Africa Media Review for May 22, 2017

The Illicit Superhighway: Transnational Organized Crime in Africa 
The distinction between legitimate and illicit business in Africa is fluid due to the significant size of informal trade on the continent. At the same time, globalization has allowed organized criminal groups to link up with international networks, including violent extremists. The distinction between legitimate business and illicit activity is fluid in Africa due to the significant size of informal and unregulated trade on the continent. The rapid pace of globalization has allowed organized criminal groups to link up with international networks, expanding markets, access to new technologies, and improved methods of communication. Africa Center for Strategic Studies

Video: Scores of Nigeria’s Chibok Schoolgirls Reunited With Their Families
The 82 Nigerian schoolgirls recently released after more than three years in Boko Haram captivity were reunited with their families for the first time Saturday in the Nigerian capital Abuja. Images from the scene showed brightly dressed families rushing through the crowd and embracing outdoors. One small group sank to their knees, with a woman raising her hands as if praising in church. Others were in tears, as anxious parents looked for signs of how deeply the extremists had changed their daughters’ lives. France 24

East African Leaders Press EU to Lift Burundi Sanctions
The presidents of Tanzania and Uganda called Saturday on the EU to lift sanctions on Burundi, but a diplomatic for the European bloc dismissed the appeal. The joint plea, by Yoweri Museveni and John Magufuli came at a meeting of the East African Community (EAC) — which also includes Burundi, Kenya and South Sudan — in Dar es Salaam. “This is our problem. We don’t want the European Union to take measures against a member state without discussions with us,” said Uganda’s Museveni, who is EAC president and lead mediator in Burundi’s seemingly intractable two-year-old political crisis. Tanzania’s president said Europe should be focused on its own issues. AFP

EU Should Deal with Brexit Headache and Leave Burundi Alone – Magufuli
Presidents of Tanzania and Uganda launched a presidential campaign calling on the European Union (EU) to lift sanctions against neighbouring Burundi. Tanzania’s Magufuli and Uganda’s Museveni spoke on Saturday in the Tanzanian capital, Dar es Salaam, where leaders of the East Africa Community (EAC) met for the 18th Ordinary Summit of Heads of State. The Ugandan leader who was voted new chair of the EAC said in his speech that the summit had tasked him to lead a delegation to Brussels – seat of the EU – to discuss the Economic Partnership Agreement (EPA) and ‘‘the matter of sanctions over Burundi.’‘ Africa News

Conflict ‘Displaces More in DR Congo than Syria’
Conflict, violence and disasters caused 31.1 million new internal displacements in 2016, according to a new report released today by the Internal Displacement Monitoring Centre (IDMC) and the Norwegian Refugee Council (NRC). In 2016, one person every second was forced to flee their home inside their own country. Internally displaced people now outnumber refugees by two to one. It is urgent to put internal displacement back on the global agenda,” said Jan Egeland, Secretary General of the NRC. Of the 6.9 million new internal displacements caused by conflict in 2016, 2.6 million took place in Sub-Saharan Africa, according to the Global Report on Internal Displacement. The Democratic Republic of the Congo was the country worst affected, with a spike of 922,000 new displacements during the year alone. Norwegian Refugee Council (NRC)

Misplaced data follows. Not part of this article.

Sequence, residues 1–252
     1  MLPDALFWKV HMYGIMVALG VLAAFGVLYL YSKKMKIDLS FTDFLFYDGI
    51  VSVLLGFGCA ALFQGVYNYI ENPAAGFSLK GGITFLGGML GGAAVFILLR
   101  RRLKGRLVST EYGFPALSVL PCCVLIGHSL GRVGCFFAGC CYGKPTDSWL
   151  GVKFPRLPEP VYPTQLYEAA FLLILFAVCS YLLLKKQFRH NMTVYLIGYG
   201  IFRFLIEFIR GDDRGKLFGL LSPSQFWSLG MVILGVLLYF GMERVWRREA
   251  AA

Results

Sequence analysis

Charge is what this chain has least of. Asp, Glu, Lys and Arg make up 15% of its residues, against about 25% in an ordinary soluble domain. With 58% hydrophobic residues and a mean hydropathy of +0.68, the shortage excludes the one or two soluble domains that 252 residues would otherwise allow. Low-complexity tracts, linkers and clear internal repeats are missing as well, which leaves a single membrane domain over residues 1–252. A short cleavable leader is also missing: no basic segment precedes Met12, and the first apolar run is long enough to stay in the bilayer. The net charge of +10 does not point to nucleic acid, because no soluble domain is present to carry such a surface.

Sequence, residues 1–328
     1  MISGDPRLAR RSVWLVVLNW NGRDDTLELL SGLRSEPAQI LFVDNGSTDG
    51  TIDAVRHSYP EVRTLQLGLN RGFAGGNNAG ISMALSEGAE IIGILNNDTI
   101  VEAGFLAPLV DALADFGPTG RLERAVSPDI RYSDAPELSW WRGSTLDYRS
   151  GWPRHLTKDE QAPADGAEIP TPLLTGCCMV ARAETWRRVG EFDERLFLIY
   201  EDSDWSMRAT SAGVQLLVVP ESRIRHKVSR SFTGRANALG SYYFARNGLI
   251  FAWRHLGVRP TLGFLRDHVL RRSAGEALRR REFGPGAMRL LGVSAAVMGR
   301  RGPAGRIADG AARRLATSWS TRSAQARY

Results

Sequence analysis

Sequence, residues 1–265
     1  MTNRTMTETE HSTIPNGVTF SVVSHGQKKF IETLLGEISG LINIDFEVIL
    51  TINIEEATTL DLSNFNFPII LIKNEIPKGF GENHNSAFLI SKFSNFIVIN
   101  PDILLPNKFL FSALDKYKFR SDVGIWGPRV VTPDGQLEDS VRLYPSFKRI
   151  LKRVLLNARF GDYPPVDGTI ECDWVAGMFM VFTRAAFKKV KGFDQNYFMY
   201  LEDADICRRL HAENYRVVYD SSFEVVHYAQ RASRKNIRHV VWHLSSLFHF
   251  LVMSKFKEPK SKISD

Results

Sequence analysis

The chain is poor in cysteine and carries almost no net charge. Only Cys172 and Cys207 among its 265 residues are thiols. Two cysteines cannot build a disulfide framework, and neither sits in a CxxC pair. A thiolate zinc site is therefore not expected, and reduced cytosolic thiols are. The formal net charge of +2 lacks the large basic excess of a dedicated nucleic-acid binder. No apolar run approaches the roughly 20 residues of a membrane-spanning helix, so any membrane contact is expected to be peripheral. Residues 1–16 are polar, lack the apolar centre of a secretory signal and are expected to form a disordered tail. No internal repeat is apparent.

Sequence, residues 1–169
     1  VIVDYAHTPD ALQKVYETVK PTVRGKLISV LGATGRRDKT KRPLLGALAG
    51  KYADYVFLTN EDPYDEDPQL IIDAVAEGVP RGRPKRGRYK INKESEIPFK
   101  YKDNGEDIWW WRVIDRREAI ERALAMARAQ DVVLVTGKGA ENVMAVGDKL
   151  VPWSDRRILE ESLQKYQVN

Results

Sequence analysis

For 2 Experts Killed in Congo, U.N. Provided Little Training and No Protection
[…] A grainy cellphone video shows what happened next: A cluster of men with rifles and red bandannas lead Ms. Catalán, a 36-year-old Swedish-Chilean, into a grove with her American colleague, Michael J. Sharp, 34. The two investigators are barefoot. Mr. Sharp starts arguing. He and Ms. Catalán are forced onto the ground. Suddenly, shots are fired, hitting Mr. Sharp first. Ms. Catalán screams and tries to run for cover. She is shot twice. Their bodies were discovered weeks later in a shallow grave, laid out carefully, side by side, in opposite directions. Ms. Catalán had been decapitated. Her head had been taken. Their deaths raise tough questions about the United Nations and its work in the most dangerous places in the world. Almost two months passed before the United Nations even assembled a panel to look into what went wrong. The United Nations Security Council could go further and order a more formal investigation, but more than two months after the murders, it has taken no steps in that direction. The New York Times

Macron Vows to Step-Up Fight Against Islamists in Africa
France will step up the fight against resurgent Islamist militants in north and west Africa and will work more closely with Germany to help the tinderbox region, President Emmanuel Macron said on his first trip outside Europe late yesterday, Friday. Visiting Mali days after taking office, Macron vowed to keep French troops in the Sahel region until there was “no more Islamist terrorism” there. He said operations would be escalated in response to signs that militant groups were regrouping and uniting. “It is vital today that we speed up. Our armed forces are giving their all, but we must speed up” efforts to secure the Sahel, he told a news conference in Gao, Mali, where he held talks with President Ibrahim Boubacar Keita and spoke to some of the 1,600 French soldiers based there. Spurring economic development in the impoverished Sahel is also part of his strategy, he said. “We must win the war and win the peace at the same time.” RFI